Matthew Southworth: “I was excited when I first heard of “Sneak Previews”, which meant I could see actual movie clips of movies soon to come out. This was at the dawn of the VCR, when my friend Steven and I watched “Escape from New York”  four times one night because it was either that or one of the Pink Panther movies–that’s all he had. And so you got these little gems, actual chunks of “The Blue Lagoon” or “Cujo”.Except who were these guys, Siskel and Ebert? Particularly the little pudgy guy with the assuredly non-TV Coke bottle glasses who’d assert his authority over Siskel whenever they disagreed. It was the first time I remember seeing people argue on television; now we have nonstop yell shows like Hardball or Bill O’Reilly’s crapfest. But Siskel and Ebert didn’t hate each other, and they both stood for the same thing–movies should be good, they should be honest, they should be more than just a means to sell action figures or magazines.These guys fought one another and they fought together for a cause I believed in, and I still believe in it. That entertainment matters, not just as a way to pass the time but as a way to enrich the time that passes. I learned to apply criteria to the movies I liked (and the music, and the comics), and I learned I didn’t need to be ashamed for caring so much.Later, I worked at Paramount Pictures, and I worked for other companies in Hollywood, and I learned that not everyone applied stringent criteria to movies; in fact, the criteria they applied tended not to mean much to me (nor, I suspect, would those criteria have mattered to Siskel and Ebert). “Sneak Previews” gave way to “At the Movies” and then “Siskel and Ebert At the Movies”–and I think eventually that may have been known as simply “Siskel and Ebert”.

Gene Siskel died of a brain tumor in 1999; it was only a few years later that Roger Ebert revealed himself to have an aggressive cancer that took away–cruel, cruel–his ability to speak, and my admiration of his work gave way to a much deeper admiration of his humility and his humanity. People often speak of someone “battling” cancer, but in Ebert’s case, while it was no doubt a battle, his commentary on it and on the disfigurement he suffered as a result was strangely a gift to me. I saw something quite rare in him–true dignity. He dignified himself by his candor, and it was quite a gift he gave us, dignifying us by trusting us enough to share.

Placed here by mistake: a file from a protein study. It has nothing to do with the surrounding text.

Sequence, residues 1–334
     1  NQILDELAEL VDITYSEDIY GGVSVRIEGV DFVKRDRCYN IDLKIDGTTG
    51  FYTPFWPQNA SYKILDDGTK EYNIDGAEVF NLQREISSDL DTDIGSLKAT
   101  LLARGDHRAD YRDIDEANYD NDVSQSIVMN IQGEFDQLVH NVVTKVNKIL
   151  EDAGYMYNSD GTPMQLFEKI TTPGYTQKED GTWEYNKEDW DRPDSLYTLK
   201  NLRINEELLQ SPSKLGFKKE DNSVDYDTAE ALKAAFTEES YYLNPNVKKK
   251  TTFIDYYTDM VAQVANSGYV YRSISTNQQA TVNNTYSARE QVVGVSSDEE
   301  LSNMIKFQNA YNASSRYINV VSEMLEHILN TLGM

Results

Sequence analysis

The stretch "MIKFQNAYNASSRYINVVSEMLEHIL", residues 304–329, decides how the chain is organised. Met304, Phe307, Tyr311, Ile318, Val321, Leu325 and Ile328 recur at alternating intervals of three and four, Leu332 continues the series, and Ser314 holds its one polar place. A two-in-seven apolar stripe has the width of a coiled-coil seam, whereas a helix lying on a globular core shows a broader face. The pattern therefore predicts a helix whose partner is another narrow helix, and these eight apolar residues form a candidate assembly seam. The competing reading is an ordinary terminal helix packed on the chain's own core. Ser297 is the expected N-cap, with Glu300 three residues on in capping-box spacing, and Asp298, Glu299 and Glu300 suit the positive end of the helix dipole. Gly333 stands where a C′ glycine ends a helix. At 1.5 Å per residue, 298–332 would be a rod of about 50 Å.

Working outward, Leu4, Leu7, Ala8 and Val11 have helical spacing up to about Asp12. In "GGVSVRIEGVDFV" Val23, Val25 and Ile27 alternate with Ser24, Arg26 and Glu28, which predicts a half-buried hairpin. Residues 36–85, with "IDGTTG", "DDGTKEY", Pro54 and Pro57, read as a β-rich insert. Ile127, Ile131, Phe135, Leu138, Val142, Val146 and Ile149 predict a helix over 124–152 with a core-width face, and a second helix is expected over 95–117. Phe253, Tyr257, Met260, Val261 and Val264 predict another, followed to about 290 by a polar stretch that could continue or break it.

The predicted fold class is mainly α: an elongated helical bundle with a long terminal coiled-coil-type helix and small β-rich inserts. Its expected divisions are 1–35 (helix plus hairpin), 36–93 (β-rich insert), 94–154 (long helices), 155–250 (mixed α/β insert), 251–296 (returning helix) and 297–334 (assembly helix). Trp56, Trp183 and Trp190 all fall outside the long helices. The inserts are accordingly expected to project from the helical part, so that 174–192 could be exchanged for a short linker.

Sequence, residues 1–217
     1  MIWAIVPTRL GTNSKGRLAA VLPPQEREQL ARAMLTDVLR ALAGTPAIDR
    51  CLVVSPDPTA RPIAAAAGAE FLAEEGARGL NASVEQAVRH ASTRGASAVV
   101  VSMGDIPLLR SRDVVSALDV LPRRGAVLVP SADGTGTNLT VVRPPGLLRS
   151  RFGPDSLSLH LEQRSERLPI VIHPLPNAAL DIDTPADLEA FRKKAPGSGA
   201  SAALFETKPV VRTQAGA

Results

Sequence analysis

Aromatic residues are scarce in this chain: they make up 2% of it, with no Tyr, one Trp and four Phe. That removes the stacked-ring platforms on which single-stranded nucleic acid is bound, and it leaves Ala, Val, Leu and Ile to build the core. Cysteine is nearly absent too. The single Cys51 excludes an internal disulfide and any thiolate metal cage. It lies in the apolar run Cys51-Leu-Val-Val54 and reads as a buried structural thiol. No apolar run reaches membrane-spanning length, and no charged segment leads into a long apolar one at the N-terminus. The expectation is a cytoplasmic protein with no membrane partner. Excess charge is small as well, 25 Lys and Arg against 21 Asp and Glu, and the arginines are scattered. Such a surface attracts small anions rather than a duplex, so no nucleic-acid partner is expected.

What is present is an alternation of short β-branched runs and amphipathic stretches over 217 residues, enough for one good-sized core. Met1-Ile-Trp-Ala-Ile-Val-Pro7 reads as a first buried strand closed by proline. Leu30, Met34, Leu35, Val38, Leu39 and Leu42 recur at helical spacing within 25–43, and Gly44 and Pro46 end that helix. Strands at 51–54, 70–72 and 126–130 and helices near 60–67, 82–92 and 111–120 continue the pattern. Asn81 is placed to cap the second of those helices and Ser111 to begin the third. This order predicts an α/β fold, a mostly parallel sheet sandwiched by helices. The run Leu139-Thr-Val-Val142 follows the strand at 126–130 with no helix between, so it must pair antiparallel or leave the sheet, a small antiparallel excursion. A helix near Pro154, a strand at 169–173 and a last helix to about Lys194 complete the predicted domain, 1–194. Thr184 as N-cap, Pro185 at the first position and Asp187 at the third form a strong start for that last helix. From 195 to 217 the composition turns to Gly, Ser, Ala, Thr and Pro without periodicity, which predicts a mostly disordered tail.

I (we) learned not to pity this man, who had suffered so obviously, but to admire his strength and to envy the beatitude that he gained, as he said he no longer felt as angry about bad movies but felt more grateful for good ones. Roger Ebert himself was a good one: he lived a good life and did good work and taught me a lot of good things.

I’m glad I was obsessed with the movies from an early age, and I’m glad Roger Ebert was there to teach me not to lose that as I grew older.

(Matthew Southworth is a cartoonist and musician in Seattle, WA.)

 

“Therefore it is meaningless to prefer one genre over another. Yes I “like” fim noir more than Westerns, but that has nothing to do with any given noir or Western.”

 

Jeff Duhigg: “Roger Ebert was able to give me so many things that have had lasting effects on my life. Since his death, I felt each of them reintroducing themselves to me. I watched “At The Movies” growing up. While I had no frame of reference for film for most of that time, I still watched. There was something in that show that made watching movies more intellectually challenging. Then my sister turned me on to his writing when I was in high school.